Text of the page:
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Stephen Dorff in Ric Roman Waugh’s Felon.

Befitting a film concerned with hand-to-hand combat, two opposing (if not necessarily opposite) forces jockey for dominance within Ric Roman Waugh’s Felon. In this corner: a forceful, unflinching expose of prison brutality and dehumanization, scrupulously detailed and shot with an eye for down-and-dirty, handheld authenticity. But look out, because here comes the challenger: a ripe melodrama charting the travails of an upstanding family man sent to jail for a crime of defense, determined to preserve his hard-fought domestic stability while simultaneously fighting the endemic improbity within his detention center. The system is both insurmountable and beatable; the individual at once a powerless victim of systemic indifference and an agent of proactive change. Any filmmaker attempting to both satisfy the norms of classical cinematic narrative (where agency resides with an individuated, goal-driven protagonist) and anatomize the ills of impersonal, amorphous social structures runs up against this thorny dialectic. The best of them recognize this irreconcilability and makes it the beating, tortured heart of their project.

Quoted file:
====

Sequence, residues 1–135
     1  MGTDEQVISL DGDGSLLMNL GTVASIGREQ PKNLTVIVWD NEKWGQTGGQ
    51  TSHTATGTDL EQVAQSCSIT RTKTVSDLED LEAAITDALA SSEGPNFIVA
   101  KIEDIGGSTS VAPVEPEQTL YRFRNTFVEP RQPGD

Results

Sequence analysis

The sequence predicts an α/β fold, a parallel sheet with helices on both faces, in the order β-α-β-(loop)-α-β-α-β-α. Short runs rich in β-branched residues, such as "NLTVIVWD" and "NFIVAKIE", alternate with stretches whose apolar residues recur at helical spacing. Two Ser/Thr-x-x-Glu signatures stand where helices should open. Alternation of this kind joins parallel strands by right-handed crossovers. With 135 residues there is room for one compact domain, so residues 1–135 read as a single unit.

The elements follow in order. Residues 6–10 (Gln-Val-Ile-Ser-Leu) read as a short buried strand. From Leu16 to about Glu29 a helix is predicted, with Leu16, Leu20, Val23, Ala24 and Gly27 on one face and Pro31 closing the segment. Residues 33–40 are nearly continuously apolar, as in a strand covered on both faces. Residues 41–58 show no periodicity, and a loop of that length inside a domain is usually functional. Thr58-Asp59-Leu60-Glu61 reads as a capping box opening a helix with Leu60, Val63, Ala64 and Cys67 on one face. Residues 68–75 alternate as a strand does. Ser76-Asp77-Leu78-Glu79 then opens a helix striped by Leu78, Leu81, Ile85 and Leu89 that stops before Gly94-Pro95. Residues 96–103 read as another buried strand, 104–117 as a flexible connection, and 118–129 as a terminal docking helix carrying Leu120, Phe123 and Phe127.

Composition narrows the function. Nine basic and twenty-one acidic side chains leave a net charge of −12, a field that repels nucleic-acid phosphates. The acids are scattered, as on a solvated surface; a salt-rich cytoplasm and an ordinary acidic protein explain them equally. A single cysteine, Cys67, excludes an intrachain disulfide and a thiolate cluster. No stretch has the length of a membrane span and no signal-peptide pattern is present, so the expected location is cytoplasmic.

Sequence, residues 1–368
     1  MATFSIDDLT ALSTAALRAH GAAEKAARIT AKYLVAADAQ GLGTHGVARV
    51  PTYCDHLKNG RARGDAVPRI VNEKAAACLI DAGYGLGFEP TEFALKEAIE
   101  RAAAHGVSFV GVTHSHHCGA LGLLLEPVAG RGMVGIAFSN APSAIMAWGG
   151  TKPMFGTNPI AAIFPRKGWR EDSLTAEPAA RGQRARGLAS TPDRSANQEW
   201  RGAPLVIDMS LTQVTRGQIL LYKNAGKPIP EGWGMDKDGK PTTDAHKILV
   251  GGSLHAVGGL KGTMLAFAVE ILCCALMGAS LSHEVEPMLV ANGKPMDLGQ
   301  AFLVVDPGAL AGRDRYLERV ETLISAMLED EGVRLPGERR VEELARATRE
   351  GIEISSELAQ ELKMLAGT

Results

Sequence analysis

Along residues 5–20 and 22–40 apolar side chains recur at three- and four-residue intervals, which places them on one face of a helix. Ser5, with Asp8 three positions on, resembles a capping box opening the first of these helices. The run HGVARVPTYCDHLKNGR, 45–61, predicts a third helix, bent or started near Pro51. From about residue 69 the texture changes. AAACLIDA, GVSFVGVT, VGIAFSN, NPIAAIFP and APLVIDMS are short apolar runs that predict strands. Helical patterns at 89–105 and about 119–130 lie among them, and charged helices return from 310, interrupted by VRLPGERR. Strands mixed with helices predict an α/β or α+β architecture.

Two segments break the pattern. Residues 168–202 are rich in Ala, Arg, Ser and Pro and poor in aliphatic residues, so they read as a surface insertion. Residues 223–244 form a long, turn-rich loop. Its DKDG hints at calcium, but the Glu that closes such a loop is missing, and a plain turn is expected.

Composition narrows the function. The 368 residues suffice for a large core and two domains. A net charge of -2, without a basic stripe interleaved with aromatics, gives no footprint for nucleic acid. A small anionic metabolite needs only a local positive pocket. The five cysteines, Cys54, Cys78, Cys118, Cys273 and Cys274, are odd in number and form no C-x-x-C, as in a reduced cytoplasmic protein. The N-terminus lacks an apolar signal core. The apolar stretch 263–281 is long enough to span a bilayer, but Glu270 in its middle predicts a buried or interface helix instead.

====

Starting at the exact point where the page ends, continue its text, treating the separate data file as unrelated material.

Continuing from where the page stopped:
Waugh is no such filmmaker, and Felon is a confused movie hobbled by its unwillingness to either fully engage its fundamental conflict or pick a side and stay there. If the results can prove unwieldy at best and disingenuous at worst, the film’s frantic vacillations between clear-eyed docudrama and potboiler thrills at least provide moments where unstable isotopes of visual and ideological information collide and spark in intriguing configurations. Mirroring the aforementioned bouts of violence at its center, Felon emits the freneticism of physical conflict, as well as the hollow letdown that accompanies its consummation. Click here to read the rest of Matt Connolly’s review of Felon

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